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Quebec City Winter Carnival Says to “Bring It!” to Polar Vortex
I love going to Quebec City in February. While mountains of snow and polar temperatures turn Ontarians into cringing shut-ins, Quebecers head boldly outdoors. Traffic is barely affected in blowing snow conditions, all night dance parties take place in sub-zero temperatures, and ice bars offer fortifying beverages to pedestrians on many main streets.
When I was in the walled city recently for Quebec City Winter Carnival, the biggest of its kind in the world, the main man was Bonhomme. A jolly bilingual snowman who seemed to be at just about every event, Bonhomme, I’m told, is an ambassador not a mascot. What’s the difference? Well, for one, he can talk. Rumors are there is more than one, but organizers say no. They just speed him around town in a special minivan with dark windows.
I met Bonhomme at his Ice Palace, across from the Parliament Buildings. He was mobbed like a rock star. Quebec kids love him more than Santa, because they say “He’s real.” His pad was impressive. There were 300 tons of ice bricks used in the construction and it took three weeks. In the old days the ice came from the St. Lawrence, but with global warming and ice breakers, that’s not possible any more. Instead, very clear ice bricks (made with–reverse osmosis–distilled water) weighing 300 pounds each got shipped in from Montreal. Then 12 people worked night and day to get it ready for opening day on January 31st.
Inside there was a kitchen, complete with ice stove, dining room, pantry (he only eats cold items), bedroom and ice shower. Everything a Bonhomme could want! In the dining room there were pictures of him and Princess Grace of Monaco who attended in 1969 and in the kitchen there was a calendar listing upcoming activities, including yoga. Cold yoga!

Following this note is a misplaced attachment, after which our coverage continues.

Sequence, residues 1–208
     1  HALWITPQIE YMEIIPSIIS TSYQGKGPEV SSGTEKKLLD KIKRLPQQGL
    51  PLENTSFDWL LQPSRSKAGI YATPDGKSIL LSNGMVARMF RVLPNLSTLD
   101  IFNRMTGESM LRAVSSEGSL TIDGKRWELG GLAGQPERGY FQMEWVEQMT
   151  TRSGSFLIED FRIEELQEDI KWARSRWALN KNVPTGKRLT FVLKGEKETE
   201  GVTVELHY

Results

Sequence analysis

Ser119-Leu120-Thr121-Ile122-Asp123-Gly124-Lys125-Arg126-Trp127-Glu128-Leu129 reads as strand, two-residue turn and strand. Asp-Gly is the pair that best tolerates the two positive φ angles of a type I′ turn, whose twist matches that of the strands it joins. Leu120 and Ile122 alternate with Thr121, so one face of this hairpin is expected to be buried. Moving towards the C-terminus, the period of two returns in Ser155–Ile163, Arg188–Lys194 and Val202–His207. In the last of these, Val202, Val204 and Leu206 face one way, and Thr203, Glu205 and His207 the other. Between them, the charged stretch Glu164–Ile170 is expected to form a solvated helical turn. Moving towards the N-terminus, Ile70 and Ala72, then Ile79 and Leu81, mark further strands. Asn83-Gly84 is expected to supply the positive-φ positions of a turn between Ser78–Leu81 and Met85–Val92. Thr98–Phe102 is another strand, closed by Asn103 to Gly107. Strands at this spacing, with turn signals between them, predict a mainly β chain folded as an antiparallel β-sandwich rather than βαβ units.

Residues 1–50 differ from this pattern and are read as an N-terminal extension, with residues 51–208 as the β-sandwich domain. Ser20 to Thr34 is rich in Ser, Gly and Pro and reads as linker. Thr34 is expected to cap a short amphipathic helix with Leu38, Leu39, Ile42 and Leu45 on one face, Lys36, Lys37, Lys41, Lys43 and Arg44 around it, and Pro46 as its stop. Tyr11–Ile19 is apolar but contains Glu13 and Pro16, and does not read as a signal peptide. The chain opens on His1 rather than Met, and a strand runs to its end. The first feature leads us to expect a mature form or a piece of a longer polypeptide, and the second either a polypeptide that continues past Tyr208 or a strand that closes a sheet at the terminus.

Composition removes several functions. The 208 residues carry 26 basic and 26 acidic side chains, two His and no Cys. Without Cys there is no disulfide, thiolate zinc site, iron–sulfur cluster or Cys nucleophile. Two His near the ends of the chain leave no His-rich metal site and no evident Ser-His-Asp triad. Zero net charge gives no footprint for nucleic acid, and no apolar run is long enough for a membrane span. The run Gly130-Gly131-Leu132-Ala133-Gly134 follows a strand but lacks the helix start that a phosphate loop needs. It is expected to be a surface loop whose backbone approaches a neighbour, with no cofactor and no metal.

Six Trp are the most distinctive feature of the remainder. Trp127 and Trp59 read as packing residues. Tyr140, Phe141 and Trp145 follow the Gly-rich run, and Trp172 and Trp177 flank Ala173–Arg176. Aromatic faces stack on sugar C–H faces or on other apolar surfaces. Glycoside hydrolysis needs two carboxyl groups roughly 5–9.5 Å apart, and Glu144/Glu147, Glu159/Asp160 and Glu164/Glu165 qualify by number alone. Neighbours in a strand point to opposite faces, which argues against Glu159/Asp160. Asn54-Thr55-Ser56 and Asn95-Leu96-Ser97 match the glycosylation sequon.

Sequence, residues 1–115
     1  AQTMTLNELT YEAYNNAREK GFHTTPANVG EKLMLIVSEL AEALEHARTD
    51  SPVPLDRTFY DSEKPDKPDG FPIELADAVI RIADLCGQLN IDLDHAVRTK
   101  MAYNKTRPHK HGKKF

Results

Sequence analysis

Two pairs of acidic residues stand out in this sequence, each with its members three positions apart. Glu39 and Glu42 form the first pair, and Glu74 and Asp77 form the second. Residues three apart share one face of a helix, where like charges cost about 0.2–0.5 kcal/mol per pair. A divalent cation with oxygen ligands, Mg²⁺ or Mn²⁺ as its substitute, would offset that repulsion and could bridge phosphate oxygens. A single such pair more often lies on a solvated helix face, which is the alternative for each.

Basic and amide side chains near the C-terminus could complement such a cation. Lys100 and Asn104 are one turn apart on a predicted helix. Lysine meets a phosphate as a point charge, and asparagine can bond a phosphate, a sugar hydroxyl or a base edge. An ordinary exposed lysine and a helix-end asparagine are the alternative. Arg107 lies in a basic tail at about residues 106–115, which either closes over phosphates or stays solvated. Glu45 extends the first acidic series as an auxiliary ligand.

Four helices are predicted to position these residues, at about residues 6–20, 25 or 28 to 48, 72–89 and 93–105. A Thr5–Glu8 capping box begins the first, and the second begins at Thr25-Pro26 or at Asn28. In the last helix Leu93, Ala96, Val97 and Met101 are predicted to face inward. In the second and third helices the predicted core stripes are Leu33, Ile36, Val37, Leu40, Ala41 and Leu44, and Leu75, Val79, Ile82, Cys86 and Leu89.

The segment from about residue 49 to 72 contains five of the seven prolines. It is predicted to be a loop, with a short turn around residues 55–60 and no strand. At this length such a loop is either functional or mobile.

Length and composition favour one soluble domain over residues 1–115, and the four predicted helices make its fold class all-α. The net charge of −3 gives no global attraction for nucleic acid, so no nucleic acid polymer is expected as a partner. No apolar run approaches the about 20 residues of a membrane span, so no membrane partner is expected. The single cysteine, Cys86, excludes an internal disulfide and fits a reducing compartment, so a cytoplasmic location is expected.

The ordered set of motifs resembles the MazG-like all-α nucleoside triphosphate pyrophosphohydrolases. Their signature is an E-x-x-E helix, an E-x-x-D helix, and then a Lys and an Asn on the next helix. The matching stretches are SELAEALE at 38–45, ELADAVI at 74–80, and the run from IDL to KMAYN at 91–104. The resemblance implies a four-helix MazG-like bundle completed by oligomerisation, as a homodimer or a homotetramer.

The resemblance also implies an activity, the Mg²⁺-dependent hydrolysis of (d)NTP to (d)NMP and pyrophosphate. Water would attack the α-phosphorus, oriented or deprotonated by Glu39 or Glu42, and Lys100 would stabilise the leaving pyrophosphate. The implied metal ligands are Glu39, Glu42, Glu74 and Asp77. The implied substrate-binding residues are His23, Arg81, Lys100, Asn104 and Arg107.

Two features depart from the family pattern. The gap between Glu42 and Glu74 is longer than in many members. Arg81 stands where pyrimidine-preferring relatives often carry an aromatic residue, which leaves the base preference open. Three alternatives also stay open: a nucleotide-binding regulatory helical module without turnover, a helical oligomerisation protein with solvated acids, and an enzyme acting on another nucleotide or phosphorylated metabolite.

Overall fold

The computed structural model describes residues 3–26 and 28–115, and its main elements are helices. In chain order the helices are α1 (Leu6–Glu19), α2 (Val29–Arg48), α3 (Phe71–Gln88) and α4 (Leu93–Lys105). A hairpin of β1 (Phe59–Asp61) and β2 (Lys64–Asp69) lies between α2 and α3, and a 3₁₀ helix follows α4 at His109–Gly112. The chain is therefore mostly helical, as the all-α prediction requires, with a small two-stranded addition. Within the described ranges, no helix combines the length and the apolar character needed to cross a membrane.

The Carnival was a blast. On the Plains of Abraham I watched kids ice fish for brook trout (there was a grill they could cook their fish on afterwards), took a ferris wheel ride, cheered the human foosball game players, and ate maple taffy cooled on the snow. What I liked best about the event this year was how it has opened up to all areas of the city. There were eight street business improvement associations that signed up to present activities. On Rue Petit Champlain, just below Chateau Frontenac, I spied 27 magnificent ice sculptures and took a trip down memory lane at Ti-Pere’s.
Ti-Pere was the pub owner who invented the high-octane drink called Caribou. A delicious mix of wine, brandy and spices, it was served hot in a small theatre space dedicated to this Carnival pioneer who passed away a few years ago.
Further afield, on 3rd Ave there were curling rinks for kids, a lumberjack axe-throwing contest, hot waffles and an amazing array of steam punk-style street performers who sang, danced and interacted with the crowd.
At the end of the day was a giant snowball fight. Who called the two teams of around 1,000 each to begin? Our man Bonhomme! Men in kilts fired military-looking rifles to finally let them know it was over. Who won? Nobody seemed to care. They just all took off for hot chocolate and a shot of Caribou.
Quebec City puts the win back into winter. I loved it. And I was dressed warmly, which helped. The Carnival goes until February 16th. Here’s the website. Go if you can. It will melt that polar vortex grimace off your face in a nanosecond.
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